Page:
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Army-Navy is college football’s greatest rivalry

It’s not Ohio State vs. Michigan or Texas vs. Oklahoma or Alabama vs. Auburn; the greatest rivalry in college football is Army-Navy.

On Saturday, the two teams met for the 117th time in a rivalry that dates back to 1890. Army improve to just 7-5 on the year with a fourth-quarter comeback win, snapping a 14-game losing streak to the Midshipmen and clinching the Black Knight’s first winning season since 1996. And when they won the game, the Cadets stormed the field like it was the beaches of Normandy to celebrate with their team.

Very few guys who play in that game go on to play on Sundays; it’s not a battle of the most highly-touted five-star recruits year after year, but the passion those teams play with and what they and that game stands for is like nothing else college football offers.

It’s not a rivalry of hatred or trying prove dominance so one team can use it as a chip when recruiting. The guys are all one the same team at the end of the day; they’re the future of America’s first-line defense. They’re the men who so selflessly have chosen to risk their lives so we can sit there and watch a football game. They don’t play with the hopes of awing scouts so they can massive paydays at the professional level; they play because they love football and love to compete. When they’re out there it’s about bragging rights, never embarrassing an opponent.

There is a reason why the NCAA has allowed Army-Navy to play a stand-alone game after the regular season and after all of the conference championships. It’s because there is nothing that can compete with it. Watching on championship Saturday, even the conferences were competing against each other with title games going on at the same time, forcing fans to choose which game they would watch.

Army-Navy is the only game on that final week, displaying the absolute best of what college football is all about.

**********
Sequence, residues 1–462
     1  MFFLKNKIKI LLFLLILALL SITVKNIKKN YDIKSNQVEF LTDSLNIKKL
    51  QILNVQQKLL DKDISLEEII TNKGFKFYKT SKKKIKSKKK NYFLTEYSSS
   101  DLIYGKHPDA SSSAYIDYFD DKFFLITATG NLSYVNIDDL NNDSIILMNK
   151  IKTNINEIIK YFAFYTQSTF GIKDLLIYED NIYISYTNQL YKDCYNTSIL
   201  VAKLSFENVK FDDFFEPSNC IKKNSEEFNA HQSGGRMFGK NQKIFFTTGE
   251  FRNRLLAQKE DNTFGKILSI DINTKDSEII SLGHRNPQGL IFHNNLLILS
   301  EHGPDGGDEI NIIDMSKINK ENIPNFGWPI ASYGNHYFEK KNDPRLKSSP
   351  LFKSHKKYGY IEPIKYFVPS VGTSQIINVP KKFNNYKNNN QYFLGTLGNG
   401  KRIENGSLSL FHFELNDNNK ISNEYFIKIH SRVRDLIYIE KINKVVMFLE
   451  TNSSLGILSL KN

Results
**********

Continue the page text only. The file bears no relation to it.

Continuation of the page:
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Corey Johns

Editor in Chief
You could say Corey was born to become a sports journalist. His father won a national championship coaching college soccer. His mother is a baseball fanatic who hasn't missed seeing an Orioles game since 1983 (literally, sometimes it's annoying). His great uncle was a big-time boxing promoter and his maternal grandfather was once a department head at the Baltimore Sun. Basically, sports and journalism run through his blood. He played just about every little league sports there was when he was a kid and was a multi-sport athlete in high school; even playing in the first-ever high school sanction Rugby game in the country. Eventually he retired from sports as an undefeated Maryland state Rugby champion as a high school senior. Perhaps lack of athletic talent has more to do with the retirement, but he will tell you that it more had to do with a great desire to jump right into media. Upon his graduation from University of Maryland, Baltimore County as a triple communications major, Corey started the So Much Sports network and has continued to grow his websites and continues to work to make them premier sports media outlets.

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